Charging for better seats latest airline money-making scheme
Would you pay more for a seat by a window?
By TravelMole on 19 August 2007 in News
Carriers in recent years have been trying to formulate seat assignments as another way to generate some extra revenue
Atlanta-based AirTran in June began charging customers for advance seat reservations on discounted fares -- something Northwest Airlines started last year.
United offers "economy plus" seating, with extra legroom , at no charge -- but only to their frequent fliers.
"Airlines are realizing people prefer certain seats and they are charging extra for them," said Anne Banas, executive editor of SmarterTravel.com. "Airlines are finding all sorts of creative ways to charge for extras, and my opinion is this will happen more and more."
Charging for seat assignments was an obvious next step after airlines experimented with fees for checked baggage and snacks.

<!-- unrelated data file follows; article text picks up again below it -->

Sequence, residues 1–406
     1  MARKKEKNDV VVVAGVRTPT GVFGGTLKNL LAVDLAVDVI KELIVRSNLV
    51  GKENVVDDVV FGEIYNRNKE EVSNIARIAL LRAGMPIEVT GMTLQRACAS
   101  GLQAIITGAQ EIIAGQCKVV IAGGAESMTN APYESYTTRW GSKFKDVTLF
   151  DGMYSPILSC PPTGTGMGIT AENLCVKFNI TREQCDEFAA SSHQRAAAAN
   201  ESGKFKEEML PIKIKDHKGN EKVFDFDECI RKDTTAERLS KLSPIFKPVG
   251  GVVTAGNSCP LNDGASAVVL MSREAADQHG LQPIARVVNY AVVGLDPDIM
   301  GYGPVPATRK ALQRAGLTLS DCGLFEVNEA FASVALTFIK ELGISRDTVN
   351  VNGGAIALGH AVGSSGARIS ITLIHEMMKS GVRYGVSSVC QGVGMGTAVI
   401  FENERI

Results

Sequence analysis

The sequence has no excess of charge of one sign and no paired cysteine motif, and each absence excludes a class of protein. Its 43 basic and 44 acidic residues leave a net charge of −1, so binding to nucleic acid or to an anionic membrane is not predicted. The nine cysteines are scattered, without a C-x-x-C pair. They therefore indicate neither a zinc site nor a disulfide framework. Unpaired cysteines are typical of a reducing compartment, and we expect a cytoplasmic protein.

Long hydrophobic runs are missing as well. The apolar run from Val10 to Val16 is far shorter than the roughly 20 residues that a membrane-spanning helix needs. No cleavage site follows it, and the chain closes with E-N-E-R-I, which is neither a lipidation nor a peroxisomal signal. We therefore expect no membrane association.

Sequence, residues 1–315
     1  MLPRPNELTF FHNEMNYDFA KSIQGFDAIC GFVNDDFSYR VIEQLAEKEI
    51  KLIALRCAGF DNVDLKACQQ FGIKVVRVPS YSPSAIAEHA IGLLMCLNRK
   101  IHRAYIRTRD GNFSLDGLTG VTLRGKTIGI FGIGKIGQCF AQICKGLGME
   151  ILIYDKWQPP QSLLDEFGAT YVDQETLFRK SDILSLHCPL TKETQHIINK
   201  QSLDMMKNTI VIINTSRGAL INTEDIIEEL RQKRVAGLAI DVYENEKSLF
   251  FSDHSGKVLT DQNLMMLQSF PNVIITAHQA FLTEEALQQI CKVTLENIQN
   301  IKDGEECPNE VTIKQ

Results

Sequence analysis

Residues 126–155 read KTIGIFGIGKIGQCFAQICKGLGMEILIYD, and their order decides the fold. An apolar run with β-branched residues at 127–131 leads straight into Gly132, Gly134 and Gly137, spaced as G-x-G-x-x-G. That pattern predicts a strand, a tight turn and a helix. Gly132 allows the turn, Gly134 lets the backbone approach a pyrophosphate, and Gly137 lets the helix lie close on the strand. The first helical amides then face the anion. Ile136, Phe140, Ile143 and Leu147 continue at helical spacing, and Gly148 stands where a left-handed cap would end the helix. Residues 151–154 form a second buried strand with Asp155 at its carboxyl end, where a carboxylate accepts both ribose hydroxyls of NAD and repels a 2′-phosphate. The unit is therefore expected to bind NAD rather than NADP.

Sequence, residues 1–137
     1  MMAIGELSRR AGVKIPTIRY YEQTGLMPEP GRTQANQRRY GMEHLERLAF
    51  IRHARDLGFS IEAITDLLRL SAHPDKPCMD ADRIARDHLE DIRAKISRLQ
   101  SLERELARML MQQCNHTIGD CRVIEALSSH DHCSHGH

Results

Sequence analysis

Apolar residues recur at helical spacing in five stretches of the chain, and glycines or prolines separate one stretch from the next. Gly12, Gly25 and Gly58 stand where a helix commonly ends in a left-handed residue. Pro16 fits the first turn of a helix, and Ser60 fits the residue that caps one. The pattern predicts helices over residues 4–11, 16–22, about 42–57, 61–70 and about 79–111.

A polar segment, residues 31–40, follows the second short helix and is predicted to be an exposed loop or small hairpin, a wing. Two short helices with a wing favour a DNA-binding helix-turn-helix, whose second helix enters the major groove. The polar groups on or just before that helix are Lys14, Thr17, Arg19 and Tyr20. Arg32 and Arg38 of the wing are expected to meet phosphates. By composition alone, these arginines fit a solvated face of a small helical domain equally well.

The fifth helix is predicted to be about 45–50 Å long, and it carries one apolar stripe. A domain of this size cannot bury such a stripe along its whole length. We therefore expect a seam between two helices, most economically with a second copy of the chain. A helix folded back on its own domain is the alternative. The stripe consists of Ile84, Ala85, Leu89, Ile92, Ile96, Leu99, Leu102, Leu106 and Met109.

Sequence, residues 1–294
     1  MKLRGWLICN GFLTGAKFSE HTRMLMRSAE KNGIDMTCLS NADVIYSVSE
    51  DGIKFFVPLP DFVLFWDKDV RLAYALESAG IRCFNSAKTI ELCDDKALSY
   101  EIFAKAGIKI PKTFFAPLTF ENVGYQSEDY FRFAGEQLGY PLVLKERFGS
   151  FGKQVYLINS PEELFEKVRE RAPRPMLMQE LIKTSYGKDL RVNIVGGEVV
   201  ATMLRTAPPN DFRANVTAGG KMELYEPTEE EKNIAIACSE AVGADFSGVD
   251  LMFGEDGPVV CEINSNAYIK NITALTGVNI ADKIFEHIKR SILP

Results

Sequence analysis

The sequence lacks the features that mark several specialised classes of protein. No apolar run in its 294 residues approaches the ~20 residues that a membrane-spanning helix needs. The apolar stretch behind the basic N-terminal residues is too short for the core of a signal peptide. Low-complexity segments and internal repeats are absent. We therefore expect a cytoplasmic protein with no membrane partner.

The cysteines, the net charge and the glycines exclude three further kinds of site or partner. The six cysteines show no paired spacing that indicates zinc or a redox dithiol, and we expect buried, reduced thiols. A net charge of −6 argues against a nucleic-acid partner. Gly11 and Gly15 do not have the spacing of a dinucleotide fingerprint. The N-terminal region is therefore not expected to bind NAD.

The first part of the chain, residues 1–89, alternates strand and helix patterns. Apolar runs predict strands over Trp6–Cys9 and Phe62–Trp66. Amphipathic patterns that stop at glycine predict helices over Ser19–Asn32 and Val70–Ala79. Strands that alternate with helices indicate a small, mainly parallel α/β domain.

AirTran now charges $15 each way to reserve an exit row seat and $5 for a window or aisle seat, allowing coach passengers to avoid the middle seat. The fee only applies to discounted fare holders, said spokesman David Hirschman, who previously could not get advance seat assignments.
Southwest built its reputation on its "all fliers are equal policy," eliminating first-class cabins and seat reservations.
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